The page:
That Saturday morning, (September 8th) everything seemed fine. I was getting ready to go to church to help “peel potatoes” for a Grandparent's Day service and lunch on September 9th.
I had about 40 minutes before I needed to get going. So, I went to my computer and tried to enter the password to get into my side of the computer. I tried and tried to remember the password, but I could not. I tried to type what I thought might be my password but had difficulty even being able to type the letters. I knew something was not right.
Next, I went to the phone in my living room to call my grandson, since he always plays on my computer and knows my password. When my daughter, Angie, answered the phone, I discovered I could only speak two or three words of a sentence and then the words locked up inside me. I remember saying, “I want to”. My daughter asked, do you want to talk to Anwar? Yes. When Anwar got on the phone I tried to speak to him, but all I could get out was two or three words of any sentence I tried to say. He thought grandma was funny and started to laugh. My daughter took the phone back and after trying to speak, I finally I said "something's wrong." She said she was on her way over and asked if dad was there. I said yes.
On her way she called my other daughter, Cathy, and Cathy immediately called, and, of course, the same thing happened. When I got off the phone, my husband, Bill, witnessing what was happening, recognized I was having a stroke and asked me if I wanted to go to the hospital. Yes!
BUT, I insisted that we call church before we go to inform them I would not be able to come in to “peel potatoes” and to tell pastor, I was having a stroke, but I could not get the words out. So, I then tried to write a note, but all I could do is make a line. Laying on top of the shelves near the back door was a church bulletin, I pointed out to my daughter the two phone numbers to call. Then, we were off to Emergency at ISJ Hospital in Mankato (Minnesota), about a 30 minute drive.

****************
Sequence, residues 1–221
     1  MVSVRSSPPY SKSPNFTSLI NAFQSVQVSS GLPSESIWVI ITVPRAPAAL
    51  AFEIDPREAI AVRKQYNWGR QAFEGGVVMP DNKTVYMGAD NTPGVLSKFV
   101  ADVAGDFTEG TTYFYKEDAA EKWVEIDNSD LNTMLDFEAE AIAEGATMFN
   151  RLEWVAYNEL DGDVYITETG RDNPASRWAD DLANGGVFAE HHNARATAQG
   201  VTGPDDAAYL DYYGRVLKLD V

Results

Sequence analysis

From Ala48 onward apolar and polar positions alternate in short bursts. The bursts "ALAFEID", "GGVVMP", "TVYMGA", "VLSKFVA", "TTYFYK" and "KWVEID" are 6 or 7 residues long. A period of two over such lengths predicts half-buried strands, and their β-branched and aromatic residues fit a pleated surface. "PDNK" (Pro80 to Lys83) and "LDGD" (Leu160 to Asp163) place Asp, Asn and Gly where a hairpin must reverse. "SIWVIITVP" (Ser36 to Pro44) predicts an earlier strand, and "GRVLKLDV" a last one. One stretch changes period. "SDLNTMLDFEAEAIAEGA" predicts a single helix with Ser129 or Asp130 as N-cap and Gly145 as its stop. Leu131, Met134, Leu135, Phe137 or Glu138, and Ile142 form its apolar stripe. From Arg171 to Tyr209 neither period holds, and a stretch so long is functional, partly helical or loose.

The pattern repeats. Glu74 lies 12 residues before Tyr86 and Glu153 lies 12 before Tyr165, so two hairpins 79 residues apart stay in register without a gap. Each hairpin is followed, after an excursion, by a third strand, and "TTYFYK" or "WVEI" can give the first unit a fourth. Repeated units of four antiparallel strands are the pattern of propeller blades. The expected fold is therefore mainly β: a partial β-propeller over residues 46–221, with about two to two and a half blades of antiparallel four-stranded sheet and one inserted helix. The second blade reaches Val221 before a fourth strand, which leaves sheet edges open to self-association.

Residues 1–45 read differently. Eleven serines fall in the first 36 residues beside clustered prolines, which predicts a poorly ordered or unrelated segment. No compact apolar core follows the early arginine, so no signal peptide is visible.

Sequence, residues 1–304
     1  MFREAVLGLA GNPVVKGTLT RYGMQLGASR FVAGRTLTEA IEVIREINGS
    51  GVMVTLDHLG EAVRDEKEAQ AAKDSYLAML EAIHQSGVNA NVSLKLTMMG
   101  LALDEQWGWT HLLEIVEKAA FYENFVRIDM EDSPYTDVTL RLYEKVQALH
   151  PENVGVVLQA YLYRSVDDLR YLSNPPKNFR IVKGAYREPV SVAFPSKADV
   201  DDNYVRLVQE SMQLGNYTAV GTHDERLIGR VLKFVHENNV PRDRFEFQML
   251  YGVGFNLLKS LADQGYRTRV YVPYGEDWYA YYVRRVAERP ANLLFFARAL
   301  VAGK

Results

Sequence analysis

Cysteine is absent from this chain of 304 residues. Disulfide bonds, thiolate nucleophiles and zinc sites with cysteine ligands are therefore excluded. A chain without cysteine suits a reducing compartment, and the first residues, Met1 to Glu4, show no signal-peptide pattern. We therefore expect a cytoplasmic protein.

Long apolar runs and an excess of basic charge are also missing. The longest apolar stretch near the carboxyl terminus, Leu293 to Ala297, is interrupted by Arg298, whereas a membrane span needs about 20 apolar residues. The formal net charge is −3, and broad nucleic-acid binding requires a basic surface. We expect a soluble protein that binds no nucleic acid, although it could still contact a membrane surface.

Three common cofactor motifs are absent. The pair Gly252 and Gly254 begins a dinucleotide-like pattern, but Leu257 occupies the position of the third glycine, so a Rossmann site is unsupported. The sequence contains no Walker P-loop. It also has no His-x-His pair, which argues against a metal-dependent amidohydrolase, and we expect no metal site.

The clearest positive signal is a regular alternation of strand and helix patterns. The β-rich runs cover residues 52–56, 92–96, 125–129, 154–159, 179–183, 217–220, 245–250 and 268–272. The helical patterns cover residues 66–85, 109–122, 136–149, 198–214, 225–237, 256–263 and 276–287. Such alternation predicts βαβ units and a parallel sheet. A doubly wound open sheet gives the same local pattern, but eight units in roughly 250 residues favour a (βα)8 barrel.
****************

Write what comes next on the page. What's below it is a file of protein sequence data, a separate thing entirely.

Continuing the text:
A doctor asked us lots of questions. I tried so hard to tell him what had happened. I tried to tell him I was intending to go to church to "peel potatoes." I tried so hard to say “peel potatoes” but could not.
Previously, I wrote that we made it in time to receive a clot buster (TPA) and it was successful in plowing through the blood clot in my brain and in dissolving it. Within a half hour after starting the IV, I started being able to get out a few simple sentences. The nurse was excited and went out to tell the doctor. He came in and asked me what I had tried to tell him when I first came in. I was able to say I was going to go to church to “peel potatoes” for Grandparents Day on Sunday.
Link to blog: Stroke Abated: Clot Buster Works
I guess, just maybe, I had not wanted to face the peeling of 100 pounds of potatoes that day.
“Trusting Jesus” and experiences on the way to and at St. Mary’s Hospital in Rochester, Minnesota will be what I share testimony about tomorrow.